In Western countries, legitimated stepmothers and stepfathers are identified in invitations, precisely to assign their places in the potentially delicate scheme of things, thus minimizing, if not altogether eliminating, risks of unnecessary misunderstanding or misrepresentation. Or maybe, in such a situation, there’s just no way not to ruffle someone’s feathers.

To be sure, some estranged couples take great pains to find that ounce of prevention. A friend who’s a stickler for delicadeza thought she had done a good enough job by keeping not only the communication lines open with her ex-husband but also the communication itself, to avoid arousing any suspicions and discomfort in his second wife; furthermore, the communication was limited to matters concerning their daughter. Each time she called, for instance, she first asked to speak to the new wife and had her relay to the husband whatever message she had for him, implicitly, considerately, leaving it up to her to decide whether to let them speak with each other directly. It was precisely such prudence that had kept the multilateral relationships—between the exes, their daughter and his new wife—cordial through the years.

Well, until these were put through the test of weddings.

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Possibly owing purely to excessive enthusiasm, the stepmom, a CEO and rather a perfectionist, overstepped her role: she ran her stepdaughter’s show as if the girl were her own daughter, sidelining the real mom. The relationships have not been the same since, little repaired even with the arrival of grandchildren.

But don’t get me wrong, there are weddings that live up to their promises.

How I wished at that very moment that it had been the case at my stepson’s wedding. Probably because I had developed some affection for him, having been exposed to him more than to his sisters. I felt quite hurt being left out completely. Although I had accepted it in my mind to be the best arrangement, still my heart was in some kind of pain.

On the night of the wedding, I called up a confidant and asked to be taken out to dinner. A busy and sharp psychologist, he refused to indulge me in my self-pity.

“Tonight,” he said bluntly, “isn’t about you.” And to reassure me, he added, “It’s only one night; there’s the rest of your lives.” As it turned out, it was a short night, too. My husband came home earlier than expected, and the rest of our lives quickly began.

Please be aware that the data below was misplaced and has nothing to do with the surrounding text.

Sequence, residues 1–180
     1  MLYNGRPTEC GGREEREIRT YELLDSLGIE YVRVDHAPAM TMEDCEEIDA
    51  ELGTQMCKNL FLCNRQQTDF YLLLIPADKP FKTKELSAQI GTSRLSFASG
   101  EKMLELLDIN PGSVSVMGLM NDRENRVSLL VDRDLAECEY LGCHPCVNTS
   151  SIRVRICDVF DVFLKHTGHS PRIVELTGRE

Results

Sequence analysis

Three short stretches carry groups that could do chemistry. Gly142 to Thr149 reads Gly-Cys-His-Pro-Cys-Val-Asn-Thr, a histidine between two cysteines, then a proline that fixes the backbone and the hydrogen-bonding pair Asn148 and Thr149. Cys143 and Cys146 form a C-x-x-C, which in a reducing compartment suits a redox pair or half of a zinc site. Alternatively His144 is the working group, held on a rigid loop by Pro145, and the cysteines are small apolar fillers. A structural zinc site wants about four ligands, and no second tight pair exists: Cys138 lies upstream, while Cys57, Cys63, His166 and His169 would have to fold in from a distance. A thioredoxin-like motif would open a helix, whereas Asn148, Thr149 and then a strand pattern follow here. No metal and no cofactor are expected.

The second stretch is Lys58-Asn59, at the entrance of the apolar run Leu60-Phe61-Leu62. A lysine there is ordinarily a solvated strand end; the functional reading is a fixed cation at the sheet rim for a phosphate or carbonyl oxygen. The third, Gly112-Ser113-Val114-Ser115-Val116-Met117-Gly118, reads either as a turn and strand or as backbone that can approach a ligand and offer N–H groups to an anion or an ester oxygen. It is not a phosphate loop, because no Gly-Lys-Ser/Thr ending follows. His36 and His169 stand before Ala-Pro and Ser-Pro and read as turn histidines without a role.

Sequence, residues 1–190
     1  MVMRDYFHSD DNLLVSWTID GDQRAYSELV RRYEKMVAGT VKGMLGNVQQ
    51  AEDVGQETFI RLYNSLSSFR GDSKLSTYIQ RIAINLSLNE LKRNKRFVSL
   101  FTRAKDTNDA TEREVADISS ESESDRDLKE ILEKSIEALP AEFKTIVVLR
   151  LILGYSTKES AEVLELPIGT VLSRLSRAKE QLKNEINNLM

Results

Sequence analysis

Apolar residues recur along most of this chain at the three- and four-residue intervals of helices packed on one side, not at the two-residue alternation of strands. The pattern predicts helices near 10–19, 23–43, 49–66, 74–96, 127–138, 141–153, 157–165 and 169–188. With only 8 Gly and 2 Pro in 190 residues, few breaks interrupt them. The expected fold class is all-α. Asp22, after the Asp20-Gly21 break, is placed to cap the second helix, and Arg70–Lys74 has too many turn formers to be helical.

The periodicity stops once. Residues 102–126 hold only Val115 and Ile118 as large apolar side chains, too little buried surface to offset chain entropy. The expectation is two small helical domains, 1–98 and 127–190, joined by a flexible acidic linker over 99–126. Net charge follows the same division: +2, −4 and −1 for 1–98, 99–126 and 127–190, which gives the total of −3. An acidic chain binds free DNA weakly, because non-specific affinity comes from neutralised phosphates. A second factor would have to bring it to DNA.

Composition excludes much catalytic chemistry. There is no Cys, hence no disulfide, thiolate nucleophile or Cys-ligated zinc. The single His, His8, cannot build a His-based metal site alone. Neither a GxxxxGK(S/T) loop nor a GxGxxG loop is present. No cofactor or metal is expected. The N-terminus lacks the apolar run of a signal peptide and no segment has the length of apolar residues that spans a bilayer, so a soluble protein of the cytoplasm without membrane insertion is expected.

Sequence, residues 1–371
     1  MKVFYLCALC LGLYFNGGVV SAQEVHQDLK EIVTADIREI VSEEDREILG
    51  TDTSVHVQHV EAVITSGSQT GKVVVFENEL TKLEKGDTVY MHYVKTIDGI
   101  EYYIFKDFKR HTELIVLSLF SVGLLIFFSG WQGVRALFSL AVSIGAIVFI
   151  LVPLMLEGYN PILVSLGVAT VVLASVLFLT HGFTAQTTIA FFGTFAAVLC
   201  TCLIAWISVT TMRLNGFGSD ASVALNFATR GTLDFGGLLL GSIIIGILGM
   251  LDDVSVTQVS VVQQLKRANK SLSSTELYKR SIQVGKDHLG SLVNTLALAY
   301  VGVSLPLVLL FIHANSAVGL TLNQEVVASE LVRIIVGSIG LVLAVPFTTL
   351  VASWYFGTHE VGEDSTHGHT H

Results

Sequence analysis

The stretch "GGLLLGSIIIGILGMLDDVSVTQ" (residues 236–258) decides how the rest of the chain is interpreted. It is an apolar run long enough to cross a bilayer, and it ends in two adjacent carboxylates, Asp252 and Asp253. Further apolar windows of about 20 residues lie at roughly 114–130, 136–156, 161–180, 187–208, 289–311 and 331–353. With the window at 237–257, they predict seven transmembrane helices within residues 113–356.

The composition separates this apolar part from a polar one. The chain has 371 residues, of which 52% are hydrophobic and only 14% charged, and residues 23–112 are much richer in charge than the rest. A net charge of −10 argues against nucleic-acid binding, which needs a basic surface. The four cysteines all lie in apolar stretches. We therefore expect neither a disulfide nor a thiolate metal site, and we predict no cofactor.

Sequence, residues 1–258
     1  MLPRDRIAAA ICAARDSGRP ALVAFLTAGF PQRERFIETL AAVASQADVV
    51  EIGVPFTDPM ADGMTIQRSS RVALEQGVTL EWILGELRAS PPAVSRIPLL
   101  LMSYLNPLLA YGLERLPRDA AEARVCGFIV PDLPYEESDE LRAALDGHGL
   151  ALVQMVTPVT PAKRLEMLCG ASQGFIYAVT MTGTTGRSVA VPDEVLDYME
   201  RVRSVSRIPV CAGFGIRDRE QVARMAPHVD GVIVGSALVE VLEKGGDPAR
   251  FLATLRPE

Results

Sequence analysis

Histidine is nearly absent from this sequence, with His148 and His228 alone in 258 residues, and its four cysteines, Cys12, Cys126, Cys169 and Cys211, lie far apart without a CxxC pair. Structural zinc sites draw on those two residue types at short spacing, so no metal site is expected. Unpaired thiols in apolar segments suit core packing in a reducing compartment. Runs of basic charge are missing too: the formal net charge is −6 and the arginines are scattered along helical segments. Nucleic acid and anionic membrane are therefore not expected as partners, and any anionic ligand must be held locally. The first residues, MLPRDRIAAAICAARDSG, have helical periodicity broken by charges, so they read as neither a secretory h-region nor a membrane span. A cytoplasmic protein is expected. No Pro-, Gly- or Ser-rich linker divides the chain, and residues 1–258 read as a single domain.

To be sure, there’s one place in which we seem predisposed to acknowledge second relationships—the obituaries. The accommodation lies in the concessionary phrase “loving companion,” which takes nothing away from the original spouse and parent who hopefully has found by then her own loving companion for her eventual obituary.

But we shouldn’t have to wait for the end to finally be magnanimous to our exes and more welcoming to the expanded cast of new relatives that our separation and eventual recoupling bring. I don’t mean a day-to-day, in-your-face kind of relationship, but an occasional one. We can start with children’s weddings, and maybe expand to birthday parties of grandchildren, their first communions, their graduations, and, yes, their weddings. That way nobody is left a stranger.

I know one separated couple who, through the years, have continued to draw the line, his and hers, when it comes to family celebrations, but curiously enough, have been able to keep their one final promise to never to speak ill of each other, particularly to their children. This promise, I fully agree, should be required of all estranged couples to replace the first one they couldn’t keep. But then such a display of mature love and Solomonic wisdom is rare.

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But don’t get me wrong, there are weddings that live up to their promises. And, like spring, they continue to inspire hope and go on to the next season and the next, in fact, for a lifetime.